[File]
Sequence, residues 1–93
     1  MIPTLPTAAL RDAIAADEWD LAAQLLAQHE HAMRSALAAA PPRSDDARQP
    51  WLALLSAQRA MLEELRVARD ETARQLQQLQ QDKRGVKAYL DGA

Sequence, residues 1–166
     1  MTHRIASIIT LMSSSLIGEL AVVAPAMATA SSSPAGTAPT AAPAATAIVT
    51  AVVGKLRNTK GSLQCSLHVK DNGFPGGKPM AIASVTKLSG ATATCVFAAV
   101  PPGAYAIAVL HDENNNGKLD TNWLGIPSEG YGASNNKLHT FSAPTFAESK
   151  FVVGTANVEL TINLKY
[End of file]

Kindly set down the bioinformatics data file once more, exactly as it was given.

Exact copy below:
Sequence, residues 1–93
     1  MIPTLPTAAL RDAIAADEWD LAAQLLAQHE HAMRSALAAA PPRSDDARQP
    51  WLALLSAQRA MLEELRVARD ETARQLQQLQ QDKRGVKAYL DGA

Sequence, residues 1–166
     1  MTHRIASIIT LMSSSLIGEL AVVAPAMATA SSSPAGTAPT AAPAATAIVT
    51  AVVGKLRNTK GSLQCSLHVK DNGFPGGKPM AIASVTKLSG ATATCVFAAV
   101  PPGAYAIAVL HDENNNGKLD TNWLGIPSEG YGASNNKLHT FSAPTFAESK
   151  FVVGTANVEL TINLKY